Indiana’s three ports had their second-best start to the year ever in 2017.
Burns Harbor, Mt. Vernon and Jeffersonville moved 19 percent more cargo in the first six months of this year than at the same time in 2016 – 5.7 million tons overall.
Almost two-thirds of that went through the southwest port of Mt. Vernon, in the form of bulk cargoes – things like coal, ethanol, fertilizer and minerals, which get transferred between railcars, river barges and trucks.
Mt. Vernon handled 38 percent more cargo total in the first half of this year than in 2016. That included a 76 percent bump in coal shipments, which Ports of Indiana CEO Rich Cooper says was all bound for domestic power plants.
“People are encouraged about some of the rhetoric now coming out of Washington that they’re hopeful could be helpful to further coal production,” he says.
The Trump administration has also promised to boost American steel through trade reform. Cooper says steel shipments have kept pace with last year at Indiana’s other two ports – Burns Harbor in the north and Jeffersonville in the south.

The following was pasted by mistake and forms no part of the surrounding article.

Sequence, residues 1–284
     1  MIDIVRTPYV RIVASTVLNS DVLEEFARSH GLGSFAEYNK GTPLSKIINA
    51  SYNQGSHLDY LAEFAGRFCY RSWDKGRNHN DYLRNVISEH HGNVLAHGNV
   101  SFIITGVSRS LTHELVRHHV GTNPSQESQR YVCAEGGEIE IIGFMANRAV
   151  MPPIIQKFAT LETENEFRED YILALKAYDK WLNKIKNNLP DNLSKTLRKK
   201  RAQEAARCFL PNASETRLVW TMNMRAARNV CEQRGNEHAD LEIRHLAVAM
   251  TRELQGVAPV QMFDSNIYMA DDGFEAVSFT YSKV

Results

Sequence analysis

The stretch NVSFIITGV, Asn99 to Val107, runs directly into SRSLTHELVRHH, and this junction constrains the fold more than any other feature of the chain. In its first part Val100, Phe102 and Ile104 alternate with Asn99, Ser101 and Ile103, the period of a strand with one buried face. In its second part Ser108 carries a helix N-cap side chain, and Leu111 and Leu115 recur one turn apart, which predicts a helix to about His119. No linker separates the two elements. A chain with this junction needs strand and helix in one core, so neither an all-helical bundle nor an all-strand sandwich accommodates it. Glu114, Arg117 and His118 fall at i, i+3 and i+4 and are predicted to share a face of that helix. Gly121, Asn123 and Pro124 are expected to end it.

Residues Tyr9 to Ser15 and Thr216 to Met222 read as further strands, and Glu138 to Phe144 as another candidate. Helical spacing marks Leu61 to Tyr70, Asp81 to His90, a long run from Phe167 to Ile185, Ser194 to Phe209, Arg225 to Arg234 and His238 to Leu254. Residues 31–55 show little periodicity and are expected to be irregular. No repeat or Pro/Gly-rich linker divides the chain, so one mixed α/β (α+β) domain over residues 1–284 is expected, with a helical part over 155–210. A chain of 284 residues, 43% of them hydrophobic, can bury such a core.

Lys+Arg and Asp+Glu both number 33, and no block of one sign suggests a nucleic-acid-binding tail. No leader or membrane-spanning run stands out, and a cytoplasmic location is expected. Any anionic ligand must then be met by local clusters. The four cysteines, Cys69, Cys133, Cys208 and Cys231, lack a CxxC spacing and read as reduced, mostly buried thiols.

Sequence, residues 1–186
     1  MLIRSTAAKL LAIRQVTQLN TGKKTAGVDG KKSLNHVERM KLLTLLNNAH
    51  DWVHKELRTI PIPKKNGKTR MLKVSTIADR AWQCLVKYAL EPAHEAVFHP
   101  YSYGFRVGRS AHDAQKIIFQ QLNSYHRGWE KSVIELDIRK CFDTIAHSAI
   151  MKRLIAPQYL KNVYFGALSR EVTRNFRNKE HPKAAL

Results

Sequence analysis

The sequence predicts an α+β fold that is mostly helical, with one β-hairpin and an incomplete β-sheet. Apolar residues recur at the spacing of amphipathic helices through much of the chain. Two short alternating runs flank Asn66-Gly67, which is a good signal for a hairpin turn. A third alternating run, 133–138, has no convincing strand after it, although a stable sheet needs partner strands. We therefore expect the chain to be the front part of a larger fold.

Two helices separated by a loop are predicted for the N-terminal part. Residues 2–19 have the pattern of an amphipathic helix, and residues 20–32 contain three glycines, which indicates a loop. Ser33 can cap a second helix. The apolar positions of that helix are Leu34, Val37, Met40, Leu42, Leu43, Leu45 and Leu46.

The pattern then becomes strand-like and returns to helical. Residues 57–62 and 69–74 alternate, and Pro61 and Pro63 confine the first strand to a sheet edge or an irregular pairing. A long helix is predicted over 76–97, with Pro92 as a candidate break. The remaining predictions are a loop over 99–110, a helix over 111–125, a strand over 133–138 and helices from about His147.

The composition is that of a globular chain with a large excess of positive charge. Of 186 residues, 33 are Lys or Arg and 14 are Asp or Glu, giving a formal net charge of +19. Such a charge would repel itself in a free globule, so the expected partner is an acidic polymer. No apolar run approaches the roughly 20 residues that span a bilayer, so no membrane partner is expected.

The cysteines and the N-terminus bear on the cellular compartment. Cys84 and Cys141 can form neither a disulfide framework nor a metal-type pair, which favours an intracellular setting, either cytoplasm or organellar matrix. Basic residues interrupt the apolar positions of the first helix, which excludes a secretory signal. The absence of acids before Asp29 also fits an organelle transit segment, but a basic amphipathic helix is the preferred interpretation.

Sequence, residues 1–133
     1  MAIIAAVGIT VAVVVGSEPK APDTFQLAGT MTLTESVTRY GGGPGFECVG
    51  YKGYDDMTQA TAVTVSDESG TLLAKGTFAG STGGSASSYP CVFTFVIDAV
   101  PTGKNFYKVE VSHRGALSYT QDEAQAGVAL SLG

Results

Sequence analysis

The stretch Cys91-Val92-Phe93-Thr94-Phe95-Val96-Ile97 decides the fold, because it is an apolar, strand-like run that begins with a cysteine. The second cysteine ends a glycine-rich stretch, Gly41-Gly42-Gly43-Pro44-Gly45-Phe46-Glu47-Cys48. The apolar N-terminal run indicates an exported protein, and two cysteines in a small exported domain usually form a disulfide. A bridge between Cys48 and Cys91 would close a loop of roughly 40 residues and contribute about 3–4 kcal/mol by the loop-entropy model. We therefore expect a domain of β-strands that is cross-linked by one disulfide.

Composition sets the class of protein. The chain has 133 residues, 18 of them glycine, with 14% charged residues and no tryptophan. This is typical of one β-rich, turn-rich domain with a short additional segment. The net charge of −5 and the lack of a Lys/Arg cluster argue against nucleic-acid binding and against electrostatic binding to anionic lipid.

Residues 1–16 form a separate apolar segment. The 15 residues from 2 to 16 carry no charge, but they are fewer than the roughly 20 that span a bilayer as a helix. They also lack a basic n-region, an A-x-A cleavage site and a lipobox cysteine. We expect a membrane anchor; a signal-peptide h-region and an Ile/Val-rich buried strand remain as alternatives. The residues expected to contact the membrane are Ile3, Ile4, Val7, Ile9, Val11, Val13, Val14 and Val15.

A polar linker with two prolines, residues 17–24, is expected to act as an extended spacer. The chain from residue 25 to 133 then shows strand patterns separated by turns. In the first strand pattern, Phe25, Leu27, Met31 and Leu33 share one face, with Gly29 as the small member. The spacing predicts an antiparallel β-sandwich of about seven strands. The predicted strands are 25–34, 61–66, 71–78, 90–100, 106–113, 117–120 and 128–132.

He expects those steel shipments to do even better for the rest of the year.
Burns Harbor ship traffic was up 14 percent overall compared to the start of 2016. The Lake Michigan port also moves lots of large project cargoes off big ships – things like wind turbine blades and brewery tanks.
This year, it handled a house-sized, high-tech particle detector called ICARUS. The delicate device was en route from CERN in Switzerland to Fermilab in Illinois.
“When companies around the world read about our capabilities, it gives Indiana a shot to handle more unique cargo, jumbo cargo projects like that one,” Cooper says.
He says he hopes Burns Harbor will begin to handle more bulk cargo, too, with the help of a new, national stevedoring company, MetroPorts, which began its contract this summer.
CORRECTION: An earlier version of this article incorrectly listed ethanol as a dry bulk cargo. In fact, it is a liquid bulk cargo.